A study of Mediterranean eddies by in situ and remote sensing methods
Ienna, Federico Salvatore
University of Delaware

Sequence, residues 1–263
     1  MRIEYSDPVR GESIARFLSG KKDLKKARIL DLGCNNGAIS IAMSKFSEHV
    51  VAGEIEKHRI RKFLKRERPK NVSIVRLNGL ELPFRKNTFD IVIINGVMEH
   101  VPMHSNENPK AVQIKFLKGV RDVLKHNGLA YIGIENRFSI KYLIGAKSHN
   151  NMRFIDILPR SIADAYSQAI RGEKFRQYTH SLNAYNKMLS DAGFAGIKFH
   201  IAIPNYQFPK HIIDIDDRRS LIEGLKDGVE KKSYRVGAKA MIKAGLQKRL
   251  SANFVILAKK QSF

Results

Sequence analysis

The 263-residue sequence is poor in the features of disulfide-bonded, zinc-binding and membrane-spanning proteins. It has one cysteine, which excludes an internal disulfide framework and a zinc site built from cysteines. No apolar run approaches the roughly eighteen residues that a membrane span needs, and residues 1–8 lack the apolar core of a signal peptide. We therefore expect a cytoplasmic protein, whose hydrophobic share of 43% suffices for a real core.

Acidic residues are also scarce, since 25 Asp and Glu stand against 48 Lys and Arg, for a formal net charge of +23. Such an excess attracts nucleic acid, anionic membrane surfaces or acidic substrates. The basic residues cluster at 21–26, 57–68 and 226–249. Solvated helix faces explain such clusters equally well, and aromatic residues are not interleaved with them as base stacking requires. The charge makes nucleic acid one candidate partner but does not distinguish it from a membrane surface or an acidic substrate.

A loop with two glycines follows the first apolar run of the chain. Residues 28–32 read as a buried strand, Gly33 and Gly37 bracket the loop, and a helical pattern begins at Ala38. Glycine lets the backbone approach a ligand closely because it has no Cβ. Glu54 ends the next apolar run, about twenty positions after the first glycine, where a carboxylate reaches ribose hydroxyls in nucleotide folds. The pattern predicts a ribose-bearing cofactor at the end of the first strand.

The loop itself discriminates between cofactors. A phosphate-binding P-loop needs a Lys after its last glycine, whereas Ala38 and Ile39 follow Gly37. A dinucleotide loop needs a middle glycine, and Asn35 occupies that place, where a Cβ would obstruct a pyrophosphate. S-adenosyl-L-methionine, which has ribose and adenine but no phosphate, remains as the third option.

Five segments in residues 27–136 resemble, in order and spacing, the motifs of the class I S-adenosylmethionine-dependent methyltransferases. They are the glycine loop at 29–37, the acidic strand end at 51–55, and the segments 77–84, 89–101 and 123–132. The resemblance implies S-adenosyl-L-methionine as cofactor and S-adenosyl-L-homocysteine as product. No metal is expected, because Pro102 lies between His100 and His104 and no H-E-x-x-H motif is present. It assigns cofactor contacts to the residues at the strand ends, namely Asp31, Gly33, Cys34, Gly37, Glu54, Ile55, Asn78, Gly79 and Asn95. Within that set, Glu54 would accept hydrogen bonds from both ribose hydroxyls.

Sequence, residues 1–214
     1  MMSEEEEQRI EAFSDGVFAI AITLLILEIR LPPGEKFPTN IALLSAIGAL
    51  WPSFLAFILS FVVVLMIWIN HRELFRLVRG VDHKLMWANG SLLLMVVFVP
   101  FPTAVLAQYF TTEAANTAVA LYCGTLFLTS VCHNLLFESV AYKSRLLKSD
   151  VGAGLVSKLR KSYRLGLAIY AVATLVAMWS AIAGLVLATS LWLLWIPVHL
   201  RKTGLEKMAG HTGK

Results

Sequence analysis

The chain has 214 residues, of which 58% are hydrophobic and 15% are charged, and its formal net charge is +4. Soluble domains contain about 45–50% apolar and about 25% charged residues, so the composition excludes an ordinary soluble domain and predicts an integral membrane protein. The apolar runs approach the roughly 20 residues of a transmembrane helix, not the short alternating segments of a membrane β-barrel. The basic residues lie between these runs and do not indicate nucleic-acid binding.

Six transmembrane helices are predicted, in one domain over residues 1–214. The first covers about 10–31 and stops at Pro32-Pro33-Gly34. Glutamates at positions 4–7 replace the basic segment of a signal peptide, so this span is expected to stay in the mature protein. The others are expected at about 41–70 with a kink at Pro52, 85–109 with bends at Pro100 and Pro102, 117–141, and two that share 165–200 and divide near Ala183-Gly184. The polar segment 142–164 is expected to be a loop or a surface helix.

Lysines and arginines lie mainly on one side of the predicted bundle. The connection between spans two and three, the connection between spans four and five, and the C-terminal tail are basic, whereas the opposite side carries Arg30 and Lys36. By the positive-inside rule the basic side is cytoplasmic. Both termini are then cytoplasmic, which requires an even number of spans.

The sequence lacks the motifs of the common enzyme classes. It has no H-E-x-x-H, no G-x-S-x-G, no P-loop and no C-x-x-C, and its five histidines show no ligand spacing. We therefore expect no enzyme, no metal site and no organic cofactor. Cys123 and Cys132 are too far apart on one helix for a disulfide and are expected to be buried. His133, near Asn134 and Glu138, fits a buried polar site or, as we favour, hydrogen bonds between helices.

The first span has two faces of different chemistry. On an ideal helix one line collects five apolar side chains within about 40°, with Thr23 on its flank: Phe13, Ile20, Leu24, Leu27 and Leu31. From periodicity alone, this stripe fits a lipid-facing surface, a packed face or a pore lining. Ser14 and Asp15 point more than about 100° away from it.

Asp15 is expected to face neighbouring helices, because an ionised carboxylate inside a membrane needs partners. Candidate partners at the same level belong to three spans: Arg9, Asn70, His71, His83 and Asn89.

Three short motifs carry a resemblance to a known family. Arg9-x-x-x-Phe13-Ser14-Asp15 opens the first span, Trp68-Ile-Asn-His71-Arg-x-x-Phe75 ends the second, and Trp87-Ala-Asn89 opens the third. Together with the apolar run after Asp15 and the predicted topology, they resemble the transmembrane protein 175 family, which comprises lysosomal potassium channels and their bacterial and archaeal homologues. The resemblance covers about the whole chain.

Subsurface coherent vortices in the North Atlantic, whose saline water originates from the Mediterranean Sea and which are known as Mediterranean Eddies ("meddies"), have been of particular interest to physical oceanographers since their discovery, especially for their salt and heat transport properties into the North Atlantic Ocean. Many studies in the past have been successful in observing and studying the typical properties of meddies by probing them with in-situ techniques. The use of remote sensing techniques would offer a much cheaper and easier alternative for studying these phenomena, but only a few past studies have been able to study meddies by remote sensing, and a reliable method for observing them remotely remains elusive. This research presents a new way of locating and tracking meddies in the North Atlantic Ocean using satellite altimeter data. The method presented in this research makes use of Ensemble Empirical Mode Decomposition (EEMD) as a mean to isolate the surface expressions of meddies on the ocean surface and separate them from any other surface constituents, allowing robust meddies to be consistently tracked by satellite. One such meddy is successfully tracked over a 6 month time period (2 November 2005 - 17 May 2006). Results of the satellite tracking method are verified using Expendable Bathythermographs (XBT). Furthermore, three other meddies are also studied by in-situ observations using Argo float data, and an analysis of the buoyancy frequency properties of meddies is made.